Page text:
A STARK, chic new poster is about to cover the rising damp in student houses up and down the country. An old actor is about to add a nought or two to his pay cheques. A forgotten rock band is about to be hoisted to the height of fashion. In short, a new Quentin Tarantino film is about to open, and it will have one effect even more pronounced and welcome than the ones mentioned above: the critical genre of Tarantino analysis may start to make some sort of sense.

Judging by all the QT dissertations we've had to struggle through over the past few years, all the oceans of newsprint, the months of pub pontification, the comparisons and the theories, the condemnations and the defences, you'd think that Shakespearean scholarship had been superseded by this mature and sophisticated field of study. You'd think we knew everything there was to know about the Tarantino canon, and that we could predict, without hesitation, the style and content of his every forthcoming movie. But for all the man's ubiquitous influence, for all the scripts he has written and the profiles that have been written about him, he has directed just two feature films that have been released in Britain. That puts the QT overviews on a par with rating Woody Allen after Take the Money and Run and Bananas, or foreseeing everything from ET to Schindler's List having seen Duel and The Sugarland Express. If people have to hang him, can't they wait until he's woven a bit more rope?

After the screening of Jackie Brown at the National Film Theatre in January, Tarantino was asked why the bodycount was lower than it was in Reservoir Dogs and Pulp Fiction, as if anyone who had made two bloodsoaked movies couldn't possibly want to make any other kind. Similarly, we say that Tarantino's characters always talk about Madonna songs and hamburgers when we're thinking of the innovative dialogue of just two films. Or rather, we should be basing our assertions on nothing more than those films. In fact, QT theses tend to be predicated on what we haven't seen on screen at all.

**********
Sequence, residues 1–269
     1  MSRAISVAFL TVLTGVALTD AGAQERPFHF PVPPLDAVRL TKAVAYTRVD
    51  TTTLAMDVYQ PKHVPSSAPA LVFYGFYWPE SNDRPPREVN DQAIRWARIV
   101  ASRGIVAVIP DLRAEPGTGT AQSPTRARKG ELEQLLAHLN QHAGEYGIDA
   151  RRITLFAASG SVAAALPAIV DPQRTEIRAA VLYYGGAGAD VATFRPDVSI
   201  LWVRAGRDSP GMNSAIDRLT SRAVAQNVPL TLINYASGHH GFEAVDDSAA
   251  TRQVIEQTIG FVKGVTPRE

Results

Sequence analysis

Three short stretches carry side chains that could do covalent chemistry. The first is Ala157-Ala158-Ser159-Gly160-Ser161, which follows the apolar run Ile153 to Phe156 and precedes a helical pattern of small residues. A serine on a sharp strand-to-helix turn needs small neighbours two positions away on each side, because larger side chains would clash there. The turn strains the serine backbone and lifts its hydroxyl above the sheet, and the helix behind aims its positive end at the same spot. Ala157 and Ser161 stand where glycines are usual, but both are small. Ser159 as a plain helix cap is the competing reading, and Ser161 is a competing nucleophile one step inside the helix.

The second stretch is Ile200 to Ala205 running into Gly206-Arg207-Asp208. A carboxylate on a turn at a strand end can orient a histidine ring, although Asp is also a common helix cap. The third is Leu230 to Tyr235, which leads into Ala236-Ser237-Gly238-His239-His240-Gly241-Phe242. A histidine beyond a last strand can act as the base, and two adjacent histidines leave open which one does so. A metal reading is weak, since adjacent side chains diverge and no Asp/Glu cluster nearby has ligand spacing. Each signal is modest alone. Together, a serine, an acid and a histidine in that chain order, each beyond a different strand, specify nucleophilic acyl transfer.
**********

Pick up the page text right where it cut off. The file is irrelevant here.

A lot of what has been said about Tarantino stems from what we know of him as a person, and a lot of that stems from what he has told us. It's amazing how often you'll read a snide aside that relies on Tarantino's own facetious dismissal of himself as a "film geek", as if this were a signed confession of crimes against the cinema. But what's wrong with having work- ed at a video store (shocking! And Philip Larkin worked in a library!)? And why has the scandalous revelation that a film-maker may have actually watched a lot of films been distorted to imply that he has no knowledge of anything else?

Things would have been different if Tarantino hadn't been so eager to explain himself. In documentaries and magazines, he has happily guided interviewers through his video collection, fast-forwarding to scenes which inspired a particular snippet of his own dialogue. He has revealed the mechanism behind his creative process. And it's easier to denigrate a conjurer's skills when he's told you where he hides the rabbit.

As a counterbalance to all the QT generalisations his first two films have spawned, it's worth remembering that Harvey Keitel is on record as saying that when he first read the script of Reservoir Dogs, he assumed that the author had underworld connections. That sounds almost laughable nowadays, when Tarantino's every word is supposed to give away that he isn't connected to anything except cable. More or less everyone with an opinion on Tarantino (ie, more or less everyone in the Western world) is able to list the movies he has copied, but would we have been able to do so without Tarantino's help? Or are we really much more knowledgeable than poor, gullible Harvey?